# 8.9: Putting the Second Law to Work (Exercises)

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- Contributed by Patrick Fleming
- Assistant Professor (Chemistry and Biochemistry) at California State University East Bay

## Q6.1

Using Table T1, calculate the standard reaction Gibbs functions (\(\Delta G^o\)) for the following reactions at 298 K.

- \(CH_3CH_2OH(l) + 3 O_2(g) \rightarrow 2 CO_2(g) + 3 H_2O(l)\)
- \(C_6H_{12}O_6(s) + 6 O_2 \rightarrow 6 CO_2(g) + 6 H_2O(l)\)
- \(2 POCl_3(l) \rightarrow 2 PCl_3(l) + O_2(g)\)
- \(2 KBr(s) + Cl_2(g) \rightarrow 2 KCl(s) + Br_2(l)\)
- \(SiH_4(g) + 2 Cl(g) \rightarrow SiCl_4(l) + 2 H_2(g)\)

## Q6.2

Estimate \(\Delta G\) at 1000 K from its value at 298 K for the reaction

\[C(s) + 2 H_2(g) \rightarrow CH_4(g)\]

with \(\Delta G = -50.75\, kJ \,at\, 298\, K\)/

## Q6.3

The standard Gibbs function for formation (\(\Delta G_f^o\)) of \(PbO_2(s)\) is -217.4 kJ/mol at 298 K. Assuming \(O_2\) is an ideal gas, find the standard Helmholtz function for formation (\(\Delta A_f^o\) for \(PbO_2\) at 298K.

## Q6.4

Calculate the entropy change for 1.00 mol of an ideal monatomic gas (C_{V} = 3/2 R) undergoing an expansion and simultaneous temperature increase from 10.0 L at 298 K to 205.0 L at 455 K.

## Q6.5

Consider a gas that obeys the equation of state

\[ p =\dfrac{nRT}{V-nb}\]

- Find expressions for \(\alpha\) and \(\kappa_T\) for this gas.
- Evaluate the difference between \(C_p\) and \(C_V\) for the gas.

## Q6.6

Show that

\[\left( \dfrac{\partial C_p}{\partial p} \right)_T=0\]

for an ideal gas.

## Q6.7

Derive the thermodynamic equation of state

\[\left( \dfrac{\partial H}{\partial p} \right)_T = V( 1- T \alpha)\]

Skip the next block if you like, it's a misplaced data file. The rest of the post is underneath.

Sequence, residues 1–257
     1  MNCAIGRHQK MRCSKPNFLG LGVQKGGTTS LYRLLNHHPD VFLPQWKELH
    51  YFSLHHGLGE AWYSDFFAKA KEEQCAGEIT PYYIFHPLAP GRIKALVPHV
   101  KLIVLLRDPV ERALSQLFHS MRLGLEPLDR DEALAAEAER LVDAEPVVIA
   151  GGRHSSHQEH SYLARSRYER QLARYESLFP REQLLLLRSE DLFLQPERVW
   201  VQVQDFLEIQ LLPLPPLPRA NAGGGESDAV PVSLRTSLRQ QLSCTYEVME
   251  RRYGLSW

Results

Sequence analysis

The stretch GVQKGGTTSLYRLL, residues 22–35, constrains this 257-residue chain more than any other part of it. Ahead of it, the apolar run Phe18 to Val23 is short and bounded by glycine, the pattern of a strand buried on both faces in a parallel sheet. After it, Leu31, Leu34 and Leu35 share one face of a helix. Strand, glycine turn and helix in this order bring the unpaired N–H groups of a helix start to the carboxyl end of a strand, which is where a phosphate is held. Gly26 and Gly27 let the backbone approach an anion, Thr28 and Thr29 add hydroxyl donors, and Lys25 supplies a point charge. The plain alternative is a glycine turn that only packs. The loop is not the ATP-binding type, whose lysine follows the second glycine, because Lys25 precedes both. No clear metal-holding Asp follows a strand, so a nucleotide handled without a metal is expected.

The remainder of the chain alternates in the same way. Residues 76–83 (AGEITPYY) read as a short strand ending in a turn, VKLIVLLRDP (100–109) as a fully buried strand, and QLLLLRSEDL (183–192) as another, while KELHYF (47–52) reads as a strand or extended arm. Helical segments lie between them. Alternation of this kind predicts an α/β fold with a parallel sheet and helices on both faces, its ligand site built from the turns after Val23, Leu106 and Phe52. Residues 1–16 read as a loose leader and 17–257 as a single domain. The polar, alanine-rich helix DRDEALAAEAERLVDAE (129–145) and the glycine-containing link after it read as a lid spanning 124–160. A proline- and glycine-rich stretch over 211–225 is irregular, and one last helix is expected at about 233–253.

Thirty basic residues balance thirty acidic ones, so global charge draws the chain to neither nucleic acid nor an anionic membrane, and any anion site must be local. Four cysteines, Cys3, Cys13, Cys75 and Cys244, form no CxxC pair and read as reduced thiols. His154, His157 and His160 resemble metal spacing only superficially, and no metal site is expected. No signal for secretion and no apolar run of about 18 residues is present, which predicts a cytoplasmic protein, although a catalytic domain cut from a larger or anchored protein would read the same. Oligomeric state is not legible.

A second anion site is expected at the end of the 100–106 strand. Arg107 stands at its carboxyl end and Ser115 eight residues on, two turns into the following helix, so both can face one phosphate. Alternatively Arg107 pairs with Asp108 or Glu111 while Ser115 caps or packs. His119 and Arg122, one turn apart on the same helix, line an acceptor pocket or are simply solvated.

## Q6.8

Derive the thermodynamic equation of state

\[\left( \dfrac{\partial U}{\partial V} \right)_T = T \dfrac{ \alpha}{\kappa_T} -p\]

## Q6.9

The “Joule Coefficient” is defined by

\[ \mu_J = \left( \dfrac{\partial T}{\partial V} \right)_U \]

Show that

\[ \mu_J = \dfrac{1}{C_V} \left( p - \dfrac{T \alpha}{\kappa_T }\right)\]

and evaluate the expression for an ideal gas.

## Q6.10

Derive expressions for the pressure derivatives

\[ \left( \dfrac{\partial X}{\partial p} \right)_T\]

where\(X\) is \(U\), \(H\), \(A\), \(G\), and \(S\) at constant temperature in terms of measurable properties. (The derivation of \( \left( \dfrac{\partial H}{\partial p} \right)_T\) was done in problem Q6.7).

Evaluate the expressions for

- \( \left( \dfrac{\partial S}{\partial p} \right)_T\)
- \( \left( \dfrac{\partial H}{\partial p} \right)_T\)
- \( \left( \dfrac{\partial U}{\partial p} \right)_T\)

for a van der Waals gas.

## Q6.11

Derive expressions for the volume derivatives

\[ \left( \dfrac{\partial X}{\partial V} \right)_T\]

where \(X\) is \(U\), \(H\), \(A\), \(G\), and \(S\) at constant temperature in terms of measurable properties. (The derivation of \( \left( \dfrac{\partial U}{\partial V} \right)_T\) was done in problem Q8.8.)

Evaluate the expressions for

- \( \left( \dfrac{\partial X}{\partial V} \right)_T\)
- \( \left( \dfrac{\partial X}{\partial V} \right)_T\)

for a van der Waals gas.

## Q6.12

Evaluate the difference between \(C_p\) and \(C_V\) for a gas that obeys the equation of state

\[ p =\dfrac{nRT}{V-nb}\]

## Q6.13

The adiabatic compressibility (\(k_S\)) is defined by

\[ \kappa_S = \dfrac{1}{V} \left( \dfrac{\partial V}{\partial p} \right)_S\]

Show that for an ideal gas,

\[ \kappa_S = \dfrac{1}{p \gamma}\]